>hoping to rescue their  self    (i.e. their identity)
>from death and extinction. But if Gazzaniga and others
>are right, it won t make a whole lot of sense to place
>so much value on the  self  since it has such a minor
>role in our mental affairs.

This is a ridiculous statement. The value I place on the self is
not rooted in any supposed major (or minor) role in my mental
affairs. Rather, I place a lot of value on the self because it is
ME. My subjective inner-life is all I know about, and all I care
about. I don't care what computer-like mechanics are operating
beneath the level of conscious experience. I have no interest in
such things.

>If a way can be found in
>the future to expand our consciousness to the  entire
>mind, it will most likely mean shedding the thin
>veneer of consciousness Gazzaniga calls the
> Interpreter  since it appears to be primarily a
>watcher, not a doer in the brain.

This is not true, see my comment above regarding evolution.

Further, don't expect people to expand their consciousness. There
is no reason for me to be aware of much of what's going on in my
brain; no more reason than a sentient AI program has to be aware
of low level IO routines.

The only thing I care about is my happiness. I would not want to
expand my consciousness unless it directly increased my happiness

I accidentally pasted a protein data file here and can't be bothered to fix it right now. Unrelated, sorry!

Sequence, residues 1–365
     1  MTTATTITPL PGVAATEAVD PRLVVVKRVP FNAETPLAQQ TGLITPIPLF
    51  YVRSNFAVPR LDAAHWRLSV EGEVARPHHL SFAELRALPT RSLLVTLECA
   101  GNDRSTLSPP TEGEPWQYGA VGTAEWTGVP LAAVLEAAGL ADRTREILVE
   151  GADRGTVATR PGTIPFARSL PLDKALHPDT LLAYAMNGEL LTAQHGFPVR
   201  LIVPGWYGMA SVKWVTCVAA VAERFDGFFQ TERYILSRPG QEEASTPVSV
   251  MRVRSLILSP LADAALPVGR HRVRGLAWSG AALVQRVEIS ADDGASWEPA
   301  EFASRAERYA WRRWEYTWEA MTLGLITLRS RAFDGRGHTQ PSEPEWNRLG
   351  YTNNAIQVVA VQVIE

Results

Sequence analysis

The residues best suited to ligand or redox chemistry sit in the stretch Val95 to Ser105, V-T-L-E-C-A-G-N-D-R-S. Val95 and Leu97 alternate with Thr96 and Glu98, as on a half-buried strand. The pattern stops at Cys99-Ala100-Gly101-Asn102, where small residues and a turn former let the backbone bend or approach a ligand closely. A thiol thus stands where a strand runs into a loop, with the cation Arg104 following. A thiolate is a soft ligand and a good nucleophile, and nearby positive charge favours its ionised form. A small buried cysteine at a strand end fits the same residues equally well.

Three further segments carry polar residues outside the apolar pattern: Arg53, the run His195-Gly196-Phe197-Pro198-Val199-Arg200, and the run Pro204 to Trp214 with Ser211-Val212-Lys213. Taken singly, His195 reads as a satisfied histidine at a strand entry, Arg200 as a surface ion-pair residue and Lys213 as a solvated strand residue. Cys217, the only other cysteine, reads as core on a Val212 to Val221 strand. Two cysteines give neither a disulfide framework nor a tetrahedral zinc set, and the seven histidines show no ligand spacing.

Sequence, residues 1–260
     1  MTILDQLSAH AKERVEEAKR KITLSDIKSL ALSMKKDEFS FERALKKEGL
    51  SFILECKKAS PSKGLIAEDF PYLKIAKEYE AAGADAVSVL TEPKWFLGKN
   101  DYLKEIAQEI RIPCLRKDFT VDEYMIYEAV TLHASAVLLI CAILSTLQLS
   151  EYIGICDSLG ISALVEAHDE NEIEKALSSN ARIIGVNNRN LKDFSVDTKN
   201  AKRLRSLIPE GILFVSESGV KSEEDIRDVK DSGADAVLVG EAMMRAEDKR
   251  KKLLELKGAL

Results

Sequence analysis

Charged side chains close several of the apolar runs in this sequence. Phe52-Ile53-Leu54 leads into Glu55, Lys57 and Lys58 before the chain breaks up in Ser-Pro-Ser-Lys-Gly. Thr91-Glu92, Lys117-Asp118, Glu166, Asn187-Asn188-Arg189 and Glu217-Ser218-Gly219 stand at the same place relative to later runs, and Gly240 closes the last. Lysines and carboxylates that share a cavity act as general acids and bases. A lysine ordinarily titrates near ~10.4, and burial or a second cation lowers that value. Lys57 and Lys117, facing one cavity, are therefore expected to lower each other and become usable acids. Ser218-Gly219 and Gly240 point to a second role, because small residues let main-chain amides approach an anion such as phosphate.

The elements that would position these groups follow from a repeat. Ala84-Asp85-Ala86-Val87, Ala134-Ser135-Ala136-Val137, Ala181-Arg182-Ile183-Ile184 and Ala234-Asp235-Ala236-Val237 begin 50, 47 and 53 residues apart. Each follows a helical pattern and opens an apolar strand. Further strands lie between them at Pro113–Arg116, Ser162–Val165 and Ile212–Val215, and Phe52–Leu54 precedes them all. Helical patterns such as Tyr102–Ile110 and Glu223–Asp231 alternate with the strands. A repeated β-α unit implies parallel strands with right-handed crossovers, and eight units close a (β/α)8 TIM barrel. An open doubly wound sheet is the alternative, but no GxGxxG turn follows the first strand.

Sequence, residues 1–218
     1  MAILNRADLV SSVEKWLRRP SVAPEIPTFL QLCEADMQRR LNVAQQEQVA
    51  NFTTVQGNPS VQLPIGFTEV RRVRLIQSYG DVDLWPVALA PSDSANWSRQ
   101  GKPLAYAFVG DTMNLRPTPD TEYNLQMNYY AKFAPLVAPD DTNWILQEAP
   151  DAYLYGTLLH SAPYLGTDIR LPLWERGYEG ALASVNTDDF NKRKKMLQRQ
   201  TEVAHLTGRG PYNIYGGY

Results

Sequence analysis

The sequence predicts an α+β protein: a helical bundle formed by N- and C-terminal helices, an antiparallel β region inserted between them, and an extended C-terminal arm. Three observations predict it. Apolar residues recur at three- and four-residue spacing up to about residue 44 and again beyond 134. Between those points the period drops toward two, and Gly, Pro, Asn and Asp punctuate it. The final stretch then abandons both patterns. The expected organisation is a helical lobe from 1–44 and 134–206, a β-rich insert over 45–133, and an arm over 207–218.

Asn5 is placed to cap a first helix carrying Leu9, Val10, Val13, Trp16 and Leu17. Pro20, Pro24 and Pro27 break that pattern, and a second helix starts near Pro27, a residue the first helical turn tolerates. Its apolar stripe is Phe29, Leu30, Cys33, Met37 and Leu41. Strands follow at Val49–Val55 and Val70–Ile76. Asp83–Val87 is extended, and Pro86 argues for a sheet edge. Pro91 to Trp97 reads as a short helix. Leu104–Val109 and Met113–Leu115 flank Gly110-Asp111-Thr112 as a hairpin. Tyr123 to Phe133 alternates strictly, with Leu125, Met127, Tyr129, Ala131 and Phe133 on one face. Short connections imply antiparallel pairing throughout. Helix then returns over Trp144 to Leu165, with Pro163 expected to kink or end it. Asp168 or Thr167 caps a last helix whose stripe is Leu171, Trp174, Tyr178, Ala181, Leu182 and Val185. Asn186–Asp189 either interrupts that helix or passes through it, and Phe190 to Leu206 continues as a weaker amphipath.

in good way; but merely being aware of more of the (currently
unconscious) things going on in my brain would do no such thing.

I have a specific neural wiring which gives me happiness from
doing very specific things, such as eating food, sleeping, mating,
improving my skills. Doing random things to my brain, such as
increasing my awareness of brain functions, is not going to
increase my happiness. You would have to rewire my brain so that
the increased consciousness would bring me more happiness.

But why???

You could just as easily rewire my brain to get happiness from
petting rocks. Or from twisting my fingers. Or from going on
endless searches to find invisible pink unicorns.

I have no need of rewiring. I derive pleasure from a set of
completely arbitrary things (not arbitrary from an evolutionary
perspective, obviously, but arbitrary from an absolute
perspective). I don't need to change it to some other arbitrary
set. Yes, I COULD get pleasure from flapping my wings like a
chicken for 24 hours a day, or from watching red balls bounce off
of rocks, or a million other arbitrary things, but I don't. And I
don't want to. I am happy being me.

When brain modification becomes a possibility, you will see people
doing very weird things. Many (perhaps most) modified people will
end up dying (evolution has selected for so long to produce
something whose primary goal is survival; tampering with the
circuit will surely result in a suboptimal design, from the
perspective of survival; at least, this is true for a long, long
time, far past when brain modification becomes possible). Others
will have altered their pleasures in such a way that, they engage
in behavior that might seem ridiculous to you. But they don't get
ahead, even when they survive. All value systems are arbitrary; as
long as one isn't any more likely to get you killed than another,
you have no reason to change.

So not only do I want to be me, I want to be me for all time. Any
enhancements I might make to myself would be done very cautiously,
and I would do them only if they were consistent with how I am.


Best Regards,

Richard B. R.